You are here: Home / GIS / Ecological atlas of the Lake Baikal basin / 092. Pasture degradation map / Pasture degradation map

Pasture degradation map

Open full size

Pasture Degradation

Under the conditions of a complex geomorphological structure of the territory, uneven particle-size distribution, and often thin profile of soils, degradation processes are dominated by linear and sheet erosion. Based on the intensity of development of water erosion and deflation processes and, consequently, different disturbances of the soil profile, as well as according to the results of evaluating the areal development of all types of erosion processes, three degrees of land degradation are shown on the map in shading: slight, moderate, and severe. They were determined by the share of the main categories of eroded soils as a percentage of the agricultural lands area. Twenty-four percent, up to 42%, 47%, and more than 60% of developed lands are eroded in varying degrees in the Baikal region, in the territory of the Republic of Buryatia, in the Olkhon district, and in some areas of Mongolia, respectively.

As a result of a special analysis and assessment of the pasture condition, three categories of the degree of their degradation are distinguished in the map “Pasture degradation”, namely: low, moderate, and high. The map’s explanatory note explains the diagnostic features of pasture degradation. The predominant part of pastures experiencing moderate anthropogenic impact is classified as slightly or moderately disturbed.

In general, the map is the basis for preventing the development of dangerous geo-ecological situations in the region, organizing environmental activities, and optimizing the management of the biogeochemical environment of the population’s life-sustaining activities.

 

References

Dorzhgotov, D. and Batkhishig, O. (2009). Soils: The soil and geographical zoning of Mongolia. National Atlas of Mongolia. Ulaanbaatar. p 120-122.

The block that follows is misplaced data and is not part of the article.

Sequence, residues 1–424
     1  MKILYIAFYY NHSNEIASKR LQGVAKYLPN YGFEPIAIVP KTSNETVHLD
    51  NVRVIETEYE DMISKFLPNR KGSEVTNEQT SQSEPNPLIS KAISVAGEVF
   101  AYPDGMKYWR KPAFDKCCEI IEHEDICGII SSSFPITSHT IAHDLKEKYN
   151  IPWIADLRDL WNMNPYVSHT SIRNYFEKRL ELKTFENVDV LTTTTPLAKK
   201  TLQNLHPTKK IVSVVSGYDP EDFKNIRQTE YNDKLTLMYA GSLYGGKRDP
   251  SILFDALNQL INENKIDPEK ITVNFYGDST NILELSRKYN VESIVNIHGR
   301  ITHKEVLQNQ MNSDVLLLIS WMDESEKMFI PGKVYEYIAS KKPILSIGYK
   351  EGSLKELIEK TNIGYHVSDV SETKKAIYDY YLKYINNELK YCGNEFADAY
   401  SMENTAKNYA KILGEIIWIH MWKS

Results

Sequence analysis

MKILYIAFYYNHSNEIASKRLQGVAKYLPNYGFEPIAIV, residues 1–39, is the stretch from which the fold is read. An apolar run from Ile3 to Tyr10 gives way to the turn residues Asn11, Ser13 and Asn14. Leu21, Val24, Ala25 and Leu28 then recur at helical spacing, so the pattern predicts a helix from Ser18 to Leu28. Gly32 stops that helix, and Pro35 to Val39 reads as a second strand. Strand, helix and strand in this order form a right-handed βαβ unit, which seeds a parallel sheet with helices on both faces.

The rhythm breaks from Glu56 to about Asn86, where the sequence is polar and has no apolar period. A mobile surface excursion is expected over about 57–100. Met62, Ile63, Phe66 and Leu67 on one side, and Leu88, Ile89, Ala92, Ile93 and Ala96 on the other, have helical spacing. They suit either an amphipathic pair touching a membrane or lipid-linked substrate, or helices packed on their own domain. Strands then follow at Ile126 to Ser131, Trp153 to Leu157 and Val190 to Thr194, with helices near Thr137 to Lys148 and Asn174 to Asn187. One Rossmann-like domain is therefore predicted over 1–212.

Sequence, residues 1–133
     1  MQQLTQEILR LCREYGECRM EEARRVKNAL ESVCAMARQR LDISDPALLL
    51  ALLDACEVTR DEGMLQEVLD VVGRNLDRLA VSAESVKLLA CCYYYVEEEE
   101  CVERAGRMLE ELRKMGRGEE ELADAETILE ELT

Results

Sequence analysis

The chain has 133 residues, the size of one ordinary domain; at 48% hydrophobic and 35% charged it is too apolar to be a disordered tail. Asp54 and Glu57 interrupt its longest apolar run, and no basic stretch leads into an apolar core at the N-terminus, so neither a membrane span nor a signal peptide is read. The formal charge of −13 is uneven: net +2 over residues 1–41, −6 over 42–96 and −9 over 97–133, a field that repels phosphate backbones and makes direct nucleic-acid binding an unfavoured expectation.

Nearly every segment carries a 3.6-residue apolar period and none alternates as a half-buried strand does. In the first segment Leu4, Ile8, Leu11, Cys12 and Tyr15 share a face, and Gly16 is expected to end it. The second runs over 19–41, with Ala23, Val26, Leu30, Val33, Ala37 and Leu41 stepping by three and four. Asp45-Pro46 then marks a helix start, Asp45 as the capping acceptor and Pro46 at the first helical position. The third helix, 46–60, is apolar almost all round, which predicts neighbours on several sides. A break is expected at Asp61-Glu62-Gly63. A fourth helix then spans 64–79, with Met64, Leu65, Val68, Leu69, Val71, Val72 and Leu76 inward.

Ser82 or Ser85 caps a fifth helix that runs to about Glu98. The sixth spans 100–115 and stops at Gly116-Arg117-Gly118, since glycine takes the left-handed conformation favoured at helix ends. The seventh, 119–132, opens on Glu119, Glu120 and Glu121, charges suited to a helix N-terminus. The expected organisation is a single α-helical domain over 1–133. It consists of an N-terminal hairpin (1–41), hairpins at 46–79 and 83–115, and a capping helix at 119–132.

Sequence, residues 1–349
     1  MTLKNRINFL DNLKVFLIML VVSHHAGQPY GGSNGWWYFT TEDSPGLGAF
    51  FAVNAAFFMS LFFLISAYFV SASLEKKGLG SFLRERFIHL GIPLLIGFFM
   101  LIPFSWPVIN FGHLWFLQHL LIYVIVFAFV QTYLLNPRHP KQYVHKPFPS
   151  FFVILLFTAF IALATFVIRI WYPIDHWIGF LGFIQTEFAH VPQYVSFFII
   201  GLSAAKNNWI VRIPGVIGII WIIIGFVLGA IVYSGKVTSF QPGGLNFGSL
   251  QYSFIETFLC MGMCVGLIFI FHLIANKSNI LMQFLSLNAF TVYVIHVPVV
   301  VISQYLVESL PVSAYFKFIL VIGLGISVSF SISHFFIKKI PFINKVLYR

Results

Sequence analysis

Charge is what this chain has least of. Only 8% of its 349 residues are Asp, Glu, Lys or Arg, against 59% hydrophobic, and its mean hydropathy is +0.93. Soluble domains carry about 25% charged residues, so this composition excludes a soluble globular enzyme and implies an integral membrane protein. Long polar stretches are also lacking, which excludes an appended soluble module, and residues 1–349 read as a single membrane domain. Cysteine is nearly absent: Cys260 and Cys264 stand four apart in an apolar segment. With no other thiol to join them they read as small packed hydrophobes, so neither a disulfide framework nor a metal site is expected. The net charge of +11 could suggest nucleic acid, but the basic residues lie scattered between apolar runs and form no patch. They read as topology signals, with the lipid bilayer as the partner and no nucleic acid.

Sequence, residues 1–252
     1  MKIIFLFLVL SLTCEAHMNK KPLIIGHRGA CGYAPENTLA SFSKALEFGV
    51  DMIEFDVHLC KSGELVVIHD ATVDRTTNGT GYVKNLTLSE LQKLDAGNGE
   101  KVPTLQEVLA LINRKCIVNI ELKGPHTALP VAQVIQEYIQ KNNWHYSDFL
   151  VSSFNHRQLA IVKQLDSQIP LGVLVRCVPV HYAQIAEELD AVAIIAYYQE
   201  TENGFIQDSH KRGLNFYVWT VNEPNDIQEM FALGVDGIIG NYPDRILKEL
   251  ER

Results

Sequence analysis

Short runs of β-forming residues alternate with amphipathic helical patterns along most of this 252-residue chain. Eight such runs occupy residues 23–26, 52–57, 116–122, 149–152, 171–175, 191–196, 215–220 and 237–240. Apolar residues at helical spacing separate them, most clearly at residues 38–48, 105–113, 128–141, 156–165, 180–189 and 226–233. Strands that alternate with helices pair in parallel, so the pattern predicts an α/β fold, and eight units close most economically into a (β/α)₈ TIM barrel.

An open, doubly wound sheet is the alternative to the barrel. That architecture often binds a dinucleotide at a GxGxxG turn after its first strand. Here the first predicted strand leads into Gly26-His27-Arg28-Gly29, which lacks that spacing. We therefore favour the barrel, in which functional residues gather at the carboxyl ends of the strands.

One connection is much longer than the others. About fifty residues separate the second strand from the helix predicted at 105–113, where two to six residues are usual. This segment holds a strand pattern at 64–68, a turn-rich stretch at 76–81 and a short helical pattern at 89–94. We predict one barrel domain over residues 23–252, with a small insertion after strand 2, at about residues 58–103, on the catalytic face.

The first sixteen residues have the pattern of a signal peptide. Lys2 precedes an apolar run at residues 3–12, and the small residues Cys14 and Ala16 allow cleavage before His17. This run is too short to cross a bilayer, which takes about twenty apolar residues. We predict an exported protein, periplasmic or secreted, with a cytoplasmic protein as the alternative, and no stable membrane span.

Dorzhgotov, D. (1976). Soil classification of Mongolia. Ulaanbaatar. p 170.

Dorzhgotov, D. (2003). Soils of Mongolia. Ulaanbaatar. p 370.

Kuzmin, V. A. (2004). The soil cover: The soil and ecological zoning of Irkutsk oblast. Atlas of Irkutsk oblast. Irkutsk. p 40-41.

Nechaeva, E. G., Belozertseva, I. A., Naprasnikova, E. V., Vorobyeva, I. B., Dubynina, S. S., Davydova, N. D., & Vlasova N. V. (2010). Monitoring and forecasting of the substance-dynamical state of geosystems in Siberian regions. Novosibirsk: Nauka. p 315.

Nechaeva, E. G. (2001). Landscape-geochemical zoning of Asian Russia. Geography and Natural Resources, 1. p 12-18.

Nechaeva, E. G., Belozertseva, I. A., Davydova, N. D., & Sorokovoy, A. A. (2009). The map of degradation and contamination of the soil cover. Scale 1:5,000,000. Electronic atlas of natural resources, economy, and population of the Baikal Region. Irkutsk: V.B. Sochava Institute of Geography SB RAS.

Sochava, V. B., Timofeev, D. A. (1968). Physical and geographical regions of North Asia. Proceedings of the Institute of Geography of Siberia and the Far East, 19. p 3-19.

Ubugunov, L. L., Badmaev, N. B., Ubugunova, V. I., Gyninova, A. B., Balsanova, L. D., Ubugunov, V. L., Gonchikov, B. N., & Tsybikdorzhiev, T. D-T. (2011). Soil map of Buryatia. Scale 1:3,000,000. Ulan-Ude: Institute of General and Experimental Biology SB RAS.

Khismatullin, S. D. (1991). Erosion on agricultural lands of Irkutsk oblast. Geography and Natural Resources, 4. p 49-61.

Shishov, L. L., Tonkonogov, V. D., Lebedeva, I. I., & Gerasimova, M. I. (2004). Classification and diagnostics of soils of Russia. Smolensk: Oikumena. p 342.

Degradation of ecosystems. (2005). In E. A. Vostokova & P. D. Gunin (Eds.), Atlas of Ecosystems of Mongolia. Moscow. p 44.

Document Actions
Navigation
« June 2017 »
June
SuMoTuWeThFrSa
123
45678910
11121314151617
18192021222324
252627282930
« June 2017 »
June
SuMoTuWeThFrSa
123
45678910
11121314151617
18192021222324
252627282930
IW:LEARN